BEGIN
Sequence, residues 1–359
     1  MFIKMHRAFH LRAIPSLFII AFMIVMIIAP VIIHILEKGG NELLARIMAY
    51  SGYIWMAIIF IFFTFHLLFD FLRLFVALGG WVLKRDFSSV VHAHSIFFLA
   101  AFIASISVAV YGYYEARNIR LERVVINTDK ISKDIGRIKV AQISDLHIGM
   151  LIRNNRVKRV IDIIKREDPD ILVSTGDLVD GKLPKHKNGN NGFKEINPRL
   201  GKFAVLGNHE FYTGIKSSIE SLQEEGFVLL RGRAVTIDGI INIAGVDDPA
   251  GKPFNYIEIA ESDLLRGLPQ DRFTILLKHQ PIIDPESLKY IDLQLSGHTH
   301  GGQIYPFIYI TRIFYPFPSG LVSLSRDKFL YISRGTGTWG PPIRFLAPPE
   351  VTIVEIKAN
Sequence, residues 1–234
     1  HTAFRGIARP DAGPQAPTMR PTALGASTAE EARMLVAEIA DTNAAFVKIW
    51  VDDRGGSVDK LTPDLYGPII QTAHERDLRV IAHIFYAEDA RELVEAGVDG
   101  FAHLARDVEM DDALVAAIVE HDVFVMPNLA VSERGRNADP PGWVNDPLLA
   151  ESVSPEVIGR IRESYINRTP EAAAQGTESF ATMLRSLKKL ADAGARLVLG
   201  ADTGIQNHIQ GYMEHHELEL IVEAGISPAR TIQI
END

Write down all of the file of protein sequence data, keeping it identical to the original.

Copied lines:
Sequence, residues 1–359
     1  MFIKMHRAFH LRAIPSLFII AFMIVMIIAP VIIHILEKGG NELLARIMAY
    51  SGYIWMAIIF IFFTFHLLFD FLRLFVALGG WVLKRDFSSV VHAHSIFFLA
   101  AFIASISVAV YGYYEARNIR LERVVINTDK ISKDIGRIKV AQISDLHIGM
   151  LIRNNRVKRV IDIIKREDPD ILVSTGDLVD GKLPKHKNGN NGFKEINPRL
   201  GKFAVLGNHE FYTGIKSSIE SLQEEGFVLL RGRAVTIDGI INIAGVDDPA
   251  GKPFNYIEIA ESDLLRGLPQ DRFTILLKHQ PIIDPESLKY IDLQLSGHTH
   301  GGQIYPFIYI TRIFYPFPSG LVSLSRDKFL YISRGTGTWG PPIRFLAPPE
   351  VTIVEIKAN
Sequence, residues 1–234
     1  HTAFRGIARP DAGPQAPTMR PTALGASTAE EARMLVAEIA DTNAAFVKIW
    51  VDDRGGSVDK LTPDLYGPII QTAHERDLRV IAHIFYAEDA RELVEAGVDG
   101  FAHLARDVEM DDALVAAIVE HDVFVMPNLA VSERGRNADP PGWVNDPLLA
   151  ESVSPEVIGR IRESYINRTP EAAAQGTESF ATMLRSLKKL ADAGARLVLG
   201  ADTGIQNHIQ GYMEHHELEL IVEAGISPAR TIQI